Generational Marketing: Marketing to the Baby-boom Generation, Generation X and beyond.

Not all marketing works for every segment of the tourism population. This seminar looks at what attracts different segments of the tourism population, what do push and what not to push. The session wil segment the US tourism population not only by age and sex but by likes and dislikes. The material will then be presented in a way that a business can use this knowledge to increase its clientele in a way that turns first time customers into satisfied customers who wish to return.

Marketing to the International Tourist

The US is fast becoming one of the world’s great destinations. Tourism to this country however is not uni-dimensional and there are great differences in what a Latin American desires and what someone from Eastern or South Asia desires in a visit to the US. This seminar focuses on different major cultural groups, issues of language, and the need to understand each nation’s concept of time and cultural demands.

Understanding cultural differences in tourism

Know the law is not enough. Although all Americans are equal in the eyes of the law, equality does not means return business. Not all American tourists are alike and understand ethnic differences, by region and by cultural and ethnic groups allows not only a particular tourism industry to expand, but also can avoid sensitivity and diversity issues. This seminar also looks at the special needs of LGBT tourists and the needs of such overlooked groups as the traveling single-dad.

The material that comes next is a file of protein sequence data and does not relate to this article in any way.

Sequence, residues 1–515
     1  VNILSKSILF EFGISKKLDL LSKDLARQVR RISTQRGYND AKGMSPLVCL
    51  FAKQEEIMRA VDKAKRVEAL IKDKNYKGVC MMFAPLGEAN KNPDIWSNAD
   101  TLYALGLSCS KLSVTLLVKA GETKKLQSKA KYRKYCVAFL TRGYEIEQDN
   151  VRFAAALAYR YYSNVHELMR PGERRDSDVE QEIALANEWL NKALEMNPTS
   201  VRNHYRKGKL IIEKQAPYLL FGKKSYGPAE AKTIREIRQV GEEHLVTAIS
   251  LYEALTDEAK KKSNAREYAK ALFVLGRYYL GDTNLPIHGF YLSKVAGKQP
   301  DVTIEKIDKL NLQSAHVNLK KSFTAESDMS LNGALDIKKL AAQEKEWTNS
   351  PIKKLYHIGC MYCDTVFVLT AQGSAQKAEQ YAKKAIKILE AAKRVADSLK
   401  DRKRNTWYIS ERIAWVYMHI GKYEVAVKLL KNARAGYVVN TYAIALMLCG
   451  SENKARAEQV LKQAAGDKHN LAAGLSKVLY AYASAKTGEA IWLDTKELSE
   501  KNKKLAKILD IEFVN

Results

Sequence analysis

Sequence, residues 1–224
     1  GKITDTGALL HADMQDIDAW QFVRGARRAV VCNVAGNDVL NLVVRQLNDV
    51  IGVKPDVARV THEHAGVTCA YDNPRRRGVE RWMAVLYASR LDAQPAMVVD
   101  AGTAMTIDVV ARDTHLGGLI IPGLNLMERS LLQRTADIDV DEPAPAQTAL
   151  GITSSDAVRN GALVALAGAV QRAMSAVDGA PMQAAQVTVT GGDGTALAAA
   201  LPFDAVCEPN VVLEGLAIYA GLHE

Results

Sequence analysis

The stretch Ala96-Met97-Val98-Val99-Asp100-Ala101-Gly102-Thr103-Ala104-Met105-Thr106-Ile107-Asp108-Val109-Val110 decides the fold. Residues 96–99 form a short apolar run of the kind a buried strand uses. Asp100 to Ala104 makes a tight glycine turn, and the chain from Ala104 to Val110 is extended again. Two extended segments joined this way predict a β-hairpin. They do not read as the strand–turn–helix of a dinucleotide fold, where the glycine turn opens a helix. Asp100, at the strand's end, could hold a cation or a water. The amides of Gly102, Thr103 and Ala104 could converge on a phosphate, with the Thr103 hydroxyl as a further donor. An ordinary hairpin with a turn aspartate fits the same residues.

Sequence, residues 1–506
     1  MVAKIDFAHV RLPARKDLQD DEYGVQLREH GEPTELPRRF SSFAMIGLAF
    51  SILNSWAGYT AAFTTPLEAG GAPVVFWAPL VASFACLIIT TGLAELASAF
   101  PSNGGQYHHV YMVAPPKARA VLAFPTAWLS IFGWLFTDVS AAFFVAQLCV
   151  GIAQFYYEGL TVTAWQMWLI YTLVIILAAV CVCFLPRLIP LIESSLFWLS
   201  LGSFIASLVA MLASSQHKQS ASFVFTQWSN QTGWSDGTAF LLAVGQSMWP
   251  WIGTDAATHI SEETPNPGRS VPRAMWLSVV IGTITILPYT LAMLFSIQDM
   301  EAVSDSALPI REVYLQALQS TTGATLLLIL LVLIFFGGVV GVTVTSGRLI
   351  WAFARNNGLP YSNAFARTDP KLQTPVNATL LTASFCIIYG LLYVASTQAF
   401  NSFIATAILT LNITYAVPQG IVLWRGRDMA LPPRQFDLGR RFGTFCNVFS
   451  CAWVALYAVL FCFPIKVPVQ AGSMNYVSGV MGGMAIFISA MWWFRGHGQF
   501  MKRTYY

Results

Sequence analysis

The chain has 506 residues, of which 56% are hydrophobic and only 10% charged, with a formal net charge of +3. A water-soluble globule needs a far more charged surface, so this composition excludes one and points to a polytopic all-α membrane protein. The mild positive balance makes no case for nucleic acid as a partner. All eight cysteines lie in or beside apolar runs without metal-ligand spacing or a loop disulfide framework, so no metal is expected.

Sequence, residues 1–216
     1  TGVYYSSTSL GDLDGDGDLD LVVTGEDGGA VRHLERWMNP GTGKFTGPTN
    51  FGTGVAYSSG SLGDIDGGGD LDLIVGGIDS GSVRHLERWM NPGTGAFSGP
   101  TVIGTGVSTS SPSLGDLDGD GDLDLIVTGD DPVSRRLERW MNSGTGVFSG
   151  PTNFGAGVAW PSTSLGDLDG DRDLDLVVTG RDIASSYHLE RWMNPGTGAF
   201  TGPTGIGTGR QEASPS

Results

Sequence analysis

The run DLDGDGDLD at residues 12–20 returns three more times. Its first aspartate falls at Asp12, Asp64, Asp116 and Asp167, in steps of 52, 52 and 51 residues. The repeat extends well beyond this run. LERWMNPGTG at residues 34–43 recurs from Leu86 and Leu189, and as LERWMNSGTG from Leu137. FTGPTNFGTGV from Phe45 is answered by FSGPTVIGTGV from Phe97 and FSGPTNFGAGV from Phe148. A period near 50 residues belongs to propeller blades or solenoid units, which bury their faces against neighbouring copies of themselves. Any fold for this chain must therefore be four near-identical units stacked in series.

Tourism Ethics: Linking the Wisdom to Your Tourism Product.

A major problem in tourism is that many parts of the industry are not seen as credible in the eyes of its clients. This seminar distinguishes between what is legal and what is ethical. It concentrates on how we can increase our business by building of reputation in which we do the right thing rather than merely giving the legally necessary response.

Getting along with angry/upset/negative co-workers.

Everyone has a bad day and some people seem to have a continuous angry or bad day. In a customer service industry such as tourism, rude and angry behavior is more than an annoyance it is a liability. This seminar focuses on how do we turn frowns into smiles and turn a difficult personal experience into a positive one.

Touring your police department into a tourism economic generator

Security in today’s world is a top priority. Most police officers have little or no understanding of their role in economic development. This course in TOPPs (Toursm Oriented Policing/Protection Services) transforms police officers into both security specialists and tourism promoters. The course teaches both tourism professionals and police officers how the police can add to the bottom line rather than being negatively impacting the bottom line.